Data placement is an essential part of a data-parallel algorithm, since the mapping of data to processors determines the locality of data references and hence, to a large extent, the performance of a parallel program. For example, the simple array assignment A = B*C either can proceed without any communication or can require communication for every assignment, depending on whether corresponding elements of the arrays A, B, and C are located on the same or different processors.
Identifying the best distribution of the various data structures operated on by a data-parallel program is a global optimization problem and not generally tractable. Hence, data-parallel languages often provide the programmer with the ability to define how data structures are to be distributed. In HPF, the DISTRIBUTE directive fulfills this function. The statements
!HPF$ PROCESSORS pr(16) real X(1024) !HPF$ DISTRIBUTE X(BLOCK) ONTO prindicate that the array X is to be distributed in a blocked fashion over 16 processors---processor 0 gets the first 1024/16 elements, processor 1 the second 1024/16 elements, and so on.
The data-parallel programming model is both higher level and more restrictive than the task/channel model introduced in Part I. It is higher level in that the programmer is not required to specify communication structures explicitly: these are derived by a compiler from the domain decomposition specified by the programmer. It is more restrictive because not all algorithms can be specified in data-parallel terms. For these reasons, data parallelism, although important, is not a universal parallel programming paradigm.
Despite these differences between the task/channel and data-parallel programming models, the program design techniques developed in Part I are still applicable. Recall that we have decomposed the design process into partitioning, communication, agglomeration, and mapping phases. Data-parallel languages address the first phase directly, by providing implicit and explicit constructs that can be used to specify a very fine grained partition of a computation, in which one task is created for each data element. As noted in Section 2.2, a key concern at this stage is to define a partition that identifies sufficient concurrency.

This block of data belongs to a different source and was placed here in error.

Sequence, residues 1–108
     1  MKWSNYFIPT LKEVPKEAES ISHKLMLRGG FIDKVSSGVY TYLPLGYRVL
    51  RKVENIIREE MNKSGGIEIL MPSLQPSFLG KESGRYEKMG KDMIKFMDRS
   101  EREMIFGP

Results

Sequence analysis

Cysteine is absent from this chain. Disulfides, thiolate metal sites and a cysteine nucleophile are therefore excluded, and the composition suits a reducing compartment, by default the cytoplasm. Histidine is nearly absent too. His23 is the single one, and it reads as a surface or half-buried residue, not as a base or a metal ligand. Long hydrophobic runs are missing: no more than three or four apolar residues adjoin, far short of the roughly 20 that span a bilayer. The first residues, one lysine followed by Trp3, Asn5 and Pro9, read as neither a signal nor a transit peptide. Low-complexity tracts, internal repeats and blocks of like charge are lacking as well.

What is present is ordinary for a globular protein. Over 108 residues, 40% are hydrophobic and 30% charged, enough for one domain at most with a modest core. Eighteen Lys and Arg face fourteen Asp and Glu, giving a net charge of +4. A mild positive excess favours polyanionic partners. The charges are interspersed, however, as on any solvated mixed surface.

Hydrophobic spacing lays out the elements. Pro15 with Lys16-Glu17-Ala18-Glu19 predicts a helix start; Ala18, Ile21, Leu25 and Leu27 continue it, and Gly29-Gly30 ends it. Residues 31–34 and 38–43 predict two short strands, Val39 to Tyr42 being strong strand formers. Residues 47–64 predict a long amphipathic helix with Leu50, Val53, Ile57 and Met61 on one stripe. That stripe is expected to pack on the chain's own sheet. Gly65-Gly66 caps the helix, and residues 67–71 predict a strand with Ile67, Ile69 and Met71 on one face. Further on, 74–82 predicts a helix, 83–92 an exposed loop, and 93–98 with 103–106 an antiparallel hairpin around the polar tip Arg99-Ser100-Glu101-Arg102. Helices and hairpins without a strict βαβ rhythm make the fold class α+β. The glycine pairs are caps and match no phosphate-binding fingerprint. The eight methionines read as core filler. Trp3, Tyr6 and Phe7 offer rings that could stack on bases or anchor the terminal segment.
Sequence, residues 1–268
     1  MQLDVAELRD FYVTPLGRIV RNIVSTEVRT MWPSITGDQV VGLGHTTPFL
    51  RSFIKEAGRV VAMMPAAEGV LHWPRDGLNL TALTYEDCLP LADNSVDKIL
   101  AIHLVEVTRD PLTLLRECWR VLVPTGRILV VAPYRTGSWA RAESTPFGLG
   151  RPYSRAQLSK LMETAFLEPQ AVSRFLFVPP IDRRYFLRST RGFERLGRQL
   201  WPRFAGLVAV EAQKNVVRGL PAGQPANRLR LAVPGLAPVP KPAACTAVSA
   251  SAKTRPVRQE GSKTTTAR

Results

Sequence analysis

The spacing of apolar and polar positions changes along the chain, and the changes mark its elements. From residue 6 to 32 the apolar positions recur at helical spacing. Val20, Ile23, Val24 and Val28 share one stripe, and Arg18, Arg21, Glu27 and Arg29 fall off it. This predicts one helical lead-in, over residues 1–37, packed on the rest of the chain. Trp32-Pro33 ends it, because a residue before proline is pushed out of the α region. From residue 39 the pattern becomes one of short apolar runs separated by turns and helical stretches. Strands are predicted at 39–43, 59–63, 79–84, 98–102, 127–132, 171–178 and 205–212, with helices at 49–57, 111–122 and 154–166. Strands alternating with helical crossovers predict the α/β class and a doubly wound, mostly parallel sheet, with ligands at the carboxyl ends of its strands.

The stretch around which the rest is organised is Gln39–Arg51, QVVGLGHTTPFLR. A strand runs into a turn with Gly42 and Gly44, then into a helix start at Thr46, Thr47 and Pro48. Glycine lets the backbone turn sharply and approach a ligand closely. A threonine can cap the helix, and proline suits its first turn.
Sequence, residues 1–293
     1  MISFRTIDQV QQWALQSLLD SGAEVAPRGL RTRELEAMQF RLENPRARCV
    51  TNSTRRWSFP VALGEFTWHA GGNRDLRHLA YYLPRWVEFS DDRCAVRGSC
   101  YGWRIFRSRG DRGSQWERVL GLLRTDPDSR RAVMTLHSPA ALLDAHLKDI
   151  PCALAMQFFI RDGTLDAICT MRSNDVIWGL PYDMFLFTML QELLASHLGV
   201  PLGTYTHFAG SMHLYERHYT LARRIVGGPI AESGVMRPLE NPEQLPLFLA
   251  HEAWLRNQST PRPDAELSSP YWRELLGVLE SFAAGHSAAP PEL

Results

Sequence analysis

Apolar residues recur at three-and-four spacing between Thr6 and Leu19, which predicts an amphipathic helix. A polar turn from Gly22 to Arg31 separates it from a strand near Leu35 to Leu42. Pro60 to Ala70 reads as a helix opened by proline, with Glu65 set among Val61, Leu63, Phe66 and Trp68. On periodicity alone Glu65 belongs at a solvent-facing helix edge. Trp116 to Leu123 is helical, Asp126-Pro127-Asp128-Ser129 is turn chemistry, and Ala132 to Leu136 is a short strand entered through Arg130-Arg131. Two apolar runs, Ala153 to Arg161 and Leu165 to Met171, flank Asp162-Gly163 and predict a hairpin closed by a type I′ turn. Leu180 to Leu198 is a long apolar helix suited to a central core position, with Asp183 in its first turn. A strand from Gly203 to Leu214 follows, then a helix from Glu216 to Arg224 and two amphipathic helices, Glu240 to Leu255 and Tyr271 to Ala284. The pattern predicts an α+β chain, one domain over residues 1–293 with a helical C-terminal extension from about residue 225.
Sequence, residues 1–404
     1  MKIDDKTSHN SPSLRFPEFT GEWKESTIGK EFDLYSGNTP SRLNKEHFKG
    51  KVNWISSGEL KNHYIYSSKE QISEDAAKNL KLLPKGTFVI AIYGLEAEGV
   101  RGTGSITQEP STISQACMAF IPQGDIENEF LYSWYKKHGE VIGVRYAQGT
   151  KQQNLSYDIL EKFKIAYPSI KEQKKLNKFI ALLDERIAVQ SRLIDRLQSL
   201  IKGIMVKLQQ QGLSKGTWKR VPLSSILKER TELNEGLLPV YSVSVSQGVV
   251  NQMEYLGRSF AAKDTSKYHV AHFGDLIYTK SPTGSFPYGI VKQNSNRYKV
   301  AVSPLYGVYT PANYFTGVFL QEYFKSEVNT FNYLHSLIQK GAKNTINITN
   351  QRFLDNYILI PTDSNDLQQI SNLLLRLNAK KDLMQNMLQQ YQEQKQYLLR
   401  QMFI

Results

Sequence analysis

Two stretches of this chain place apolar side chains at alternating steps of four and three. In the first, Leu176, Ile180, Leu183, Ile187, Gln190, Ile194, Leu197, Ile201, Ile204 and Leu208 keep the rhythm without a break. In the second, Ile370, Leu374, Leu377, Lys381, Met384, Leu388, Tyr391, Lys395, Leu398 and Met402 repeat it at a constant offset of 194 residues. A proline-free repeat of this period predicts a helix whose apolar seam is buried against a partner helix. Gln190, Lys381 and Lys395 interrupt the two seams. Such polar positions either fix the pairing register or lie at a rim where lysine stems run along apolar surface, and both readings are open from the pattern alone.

The PCAM design strategy of Chapter 2 requires that once we have developed a fine-grained partition, we determine communication requirements, agglomerate fine-grained tasks into larger tasks, and map tasks to processors. The beauty of the data-parallel approach is that the latter issues can be addressed at a particularly high level, by means of directives, rather than in terms of explicit communication and mapping operations. Directives indicate how arrays are to be aligned and distributed over processors and hence specify agglomeration and mapping. Communication operations are not specified explicitly by the programmer but are instead inferred by the compiler from the program.